The Frontal Cortex

Huntington’s and Genetic Testing

This is an unbelievably poignant story about what it’s like to learn that your nervous system is fated to self-destruct. Katherine Moser, a 25 year old occupational therapist, decided to take a genetic test that would tell her whether she carried the gene for Huntington’s disease:

The test, the counselor said, had come back positive.

Katharine Moser inhaled sharply. She thought she was as ready as anyone could be to face her genetic destiny. She had attended a genetic counseling session and visited a psychiatrist, as required by the clinic. She had undergone the recommended neurological exam. And yet, she realized in that moment, she had never expected to hear those words.

“What do I do now?” Ms. Moser asked.

“What do you want to do?” the counselor replied.

“Cry,” she said quietly.

Huntington’s is biological determinism in its purest, cruelest form. One of the interesting subplots of the article is that young people at risk for Huntington’s seem to be more willing to undergo genetic testing than previous generations. (Katherine’s mother, for instance, has refused to get tested. The test has been around since 1993.) I wonder why that is. And I also wonder if I would have the courage to get the test. Knowledge can be such an awful thing.

Comments

  1. #1 chezjake
    March 18, 2007

    So, what do you think it was like before 1993? They knew Huntington’s was inherited, but had no way to know who would or wouldn’t get it.

    Woody Guthrie had Huntington’s. I wonder if not knowing had some effect on Arlo’s devil-may-care youth.

  2. #2 Kirk
    March 19, 2007

    While Huntington’s is an extreme case, due to its gravity, what about all the other diseases that can be detected through genetic testing? I have a neurological condition and just had a discussion the other day with my neurologist about whether I should have genetic testing done to know whether I have the familial form of the condition. I have a 16-year old son; if I did the testing, and knew there was a chance he’d have the same thing, both he and I would be living with this near-certainty. The doctor and I agreed that it’s better that only I worry, and not him, unless he shows symptoms.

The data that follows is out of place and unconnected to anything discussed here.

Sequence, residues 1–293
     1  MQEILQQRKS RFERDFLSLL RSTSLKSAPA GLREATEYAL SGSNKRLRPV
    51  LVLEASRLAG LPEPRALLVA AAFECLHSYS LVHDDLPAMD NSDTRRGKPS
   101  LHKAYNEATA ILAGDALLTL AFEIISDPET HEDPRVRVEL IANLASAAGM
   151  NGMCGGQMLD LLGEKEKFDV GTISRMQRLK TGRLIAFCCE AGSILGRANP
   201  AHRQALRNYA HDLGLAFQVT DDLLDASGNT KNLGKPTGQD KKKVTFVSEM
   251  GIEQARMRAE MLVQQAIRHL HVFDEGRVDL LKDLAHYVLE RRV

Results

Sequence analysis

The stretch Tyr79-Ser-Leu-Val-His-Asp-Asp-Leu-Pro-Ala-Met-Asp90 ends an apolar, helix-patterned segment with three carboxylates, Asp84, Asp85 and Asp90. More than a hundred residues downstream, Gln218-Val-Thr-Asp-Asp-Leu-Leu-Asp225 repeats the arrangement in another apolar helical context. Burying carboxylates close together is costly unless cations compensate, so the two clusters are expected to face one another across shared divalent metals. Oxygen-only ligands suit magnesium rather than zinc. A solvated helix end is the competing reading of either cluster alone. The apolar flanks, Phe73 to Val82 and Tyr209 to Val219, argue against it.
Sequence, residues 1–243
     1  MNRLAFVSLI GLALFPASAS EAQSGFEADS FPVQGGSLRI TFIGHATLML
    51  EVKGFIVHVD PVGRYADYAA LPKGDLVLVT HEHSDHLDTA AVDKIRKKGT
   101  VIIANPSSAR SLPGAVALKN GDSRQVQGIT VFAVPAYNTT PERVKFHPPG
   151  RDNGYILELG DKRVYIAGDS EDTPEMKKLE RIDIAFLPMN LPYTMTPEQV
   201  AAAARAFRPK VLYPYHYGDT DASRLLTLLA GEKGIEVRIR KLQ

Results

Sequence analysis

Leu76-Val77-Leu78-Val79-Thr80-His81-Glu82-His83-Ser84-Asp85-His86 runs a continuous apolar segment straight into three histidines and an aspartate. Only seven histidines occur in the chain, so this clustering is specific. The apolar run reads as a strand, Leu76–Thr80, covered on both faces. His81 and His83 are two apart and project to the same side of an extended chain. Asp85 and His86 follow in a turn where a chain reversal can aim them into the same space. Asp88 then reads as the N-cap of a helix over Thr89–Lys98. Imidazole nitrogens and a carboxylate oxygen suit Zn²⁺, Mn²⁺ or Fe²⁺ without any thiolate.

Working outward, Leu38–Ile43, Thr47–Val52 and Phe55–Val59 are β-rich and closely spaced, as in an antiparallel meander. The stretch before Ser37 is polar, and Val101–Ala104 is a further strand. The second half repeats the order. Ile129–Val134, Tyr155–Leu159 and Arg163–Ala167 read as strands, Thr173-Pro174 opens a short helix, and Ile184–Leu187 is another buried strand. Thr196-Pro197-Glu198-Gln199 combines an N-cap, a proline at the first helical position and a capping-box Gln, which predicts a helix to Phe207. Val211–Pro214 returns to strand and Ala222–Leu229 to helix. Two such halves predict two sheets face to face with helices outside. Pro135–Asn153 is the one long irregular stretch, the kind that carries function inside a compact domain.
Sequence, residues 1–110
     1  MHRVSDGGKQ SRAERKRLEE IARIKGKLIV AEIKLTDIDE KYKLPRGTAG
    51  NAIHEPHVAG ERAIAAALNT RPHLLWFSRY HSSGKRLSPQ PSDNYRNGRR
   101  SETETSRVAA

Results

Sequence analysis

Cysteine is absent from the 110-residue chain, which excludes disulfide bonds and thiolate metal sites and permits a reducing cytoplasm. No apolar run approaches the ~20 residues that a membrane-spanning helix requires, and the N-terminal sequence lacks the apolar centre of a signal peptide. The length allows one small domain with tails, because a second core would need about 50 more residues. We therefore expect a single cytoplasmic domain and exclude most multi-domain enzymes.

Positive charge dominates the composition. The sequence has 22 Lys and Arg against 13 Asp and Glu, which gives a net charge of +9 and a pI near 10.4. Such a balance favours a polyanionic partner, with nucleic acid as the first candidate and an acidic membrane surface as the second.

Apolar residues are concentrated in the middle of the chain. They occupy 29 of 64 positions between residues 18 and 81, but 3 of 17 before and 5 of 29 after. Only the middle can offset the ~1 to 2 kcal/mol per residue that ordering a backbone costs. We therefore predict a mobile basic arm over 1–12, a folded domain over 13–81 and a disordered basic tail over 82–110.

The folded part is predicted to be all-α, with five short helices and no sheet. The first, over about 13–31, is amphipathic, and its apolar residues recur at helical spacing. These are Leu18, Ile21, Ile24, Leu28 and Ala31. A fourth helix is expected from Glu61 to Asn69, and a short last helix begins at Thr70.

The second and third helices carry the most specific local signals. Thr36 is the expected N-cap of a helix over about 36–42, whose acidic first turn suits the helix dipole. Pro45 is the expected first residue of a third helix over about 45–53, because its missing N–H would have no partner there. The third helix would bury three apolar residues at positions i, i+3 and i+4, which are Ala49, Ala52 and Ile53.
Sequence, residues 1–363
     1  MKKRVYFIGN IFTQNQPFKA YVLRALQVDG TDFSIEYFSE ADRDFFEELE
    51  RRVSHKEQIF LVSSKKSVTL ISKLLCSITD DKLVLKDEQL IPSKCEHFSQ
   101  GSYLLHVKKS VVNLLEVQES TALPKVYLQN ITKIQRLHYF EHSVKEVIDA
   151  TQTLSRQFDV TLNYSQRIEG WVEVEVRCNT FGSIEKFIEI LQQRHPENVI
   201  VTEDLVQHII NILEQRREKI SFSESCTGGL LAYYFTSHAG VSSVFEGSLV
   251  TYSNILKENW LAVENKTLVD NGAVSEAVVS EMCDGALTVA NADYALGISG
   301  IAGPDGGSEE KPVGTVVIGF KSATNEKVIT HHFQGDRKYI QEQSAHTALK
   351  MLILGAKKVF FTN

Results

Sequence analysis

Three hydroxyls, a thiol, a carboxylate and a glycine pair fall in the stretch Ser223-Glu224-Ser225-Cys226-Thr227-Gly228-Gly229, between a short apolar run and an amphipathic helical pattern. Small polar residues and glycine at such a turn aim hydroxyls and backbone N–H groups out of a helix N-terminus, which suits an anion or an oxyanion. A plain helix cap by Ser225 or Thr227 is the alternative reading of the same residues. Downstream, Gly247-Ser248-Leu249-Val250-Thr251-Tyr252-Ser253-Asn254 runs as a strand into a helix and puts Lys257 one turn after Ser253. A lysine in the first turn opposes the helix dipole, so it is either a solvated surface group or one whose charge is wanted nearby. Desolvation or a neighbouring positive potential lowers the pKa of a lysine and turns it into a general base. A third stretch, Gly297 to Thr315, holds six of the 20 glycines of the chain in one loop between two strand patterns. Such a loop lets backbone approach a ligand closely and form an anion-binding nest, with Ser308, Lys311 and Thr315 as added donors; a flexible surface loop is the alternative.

This is a question that arises often, and something that is impossible to answer. Each person has to make their own decision; or not.

  3. #3 Robert Krulwich
    March 19, 2007

    We who are married to reporters at the New York Times wish to announce that Frontal Cortex has just rehabilitated reporter Amy Harmon. Ms. Harmon, who got slammed for an earlier genetics report (I’d do one of those “this” things, showing you just when, where and why, but I don’t have the equipment) is the author of the Huntington’s story being fullsomely praised this week. So because it was indeed a good story, and she’s finally got her Frontal Cortex laurels, we Amy Admirers are planning a little Rehabilitation Night at a local watering hole.
    It’s nice to know that like Daryl Strawberry, we can all
    fight our way back to glory.

  4. #4 Cecilia
    March 20, 2007

    I am a relative of Katherine Moser. This is the letter I sent to Cardinal Cooke and Columbia U. Amy Harmon has just succeeded in doing a lot of damage of Ms. Moser’s family who had requested that she not use any names. My understanding is that Ms. Harmon said no real names would be used in the article.

    Quote

    I am thoroughly disgusted by this article by Amy Harmon, surely an irresponsible journalist who, by putting Ms. Moser’s name in print, along with the name of a four year old child involved in a custody dispute, has exposed Ms. Moser’s family to that which they did not want to know or to be known by others.

    The staff at the Huntington’s Disease Center at Columbia should be ashamed of themselves for testing Katherine Moser without first ascertaining her mother’s status. I hope that they are now appalled to learn that Katherine chose to announce her test results from the witness stand, an announcement that seems to have been a cold, calculated move on the part of Ms. Moser to derail her mother’s custody of the child. Try to imagine her mother’s shock at learning, in such a public way, that she, herself, is a victim of the dreaded Huntington’s disease.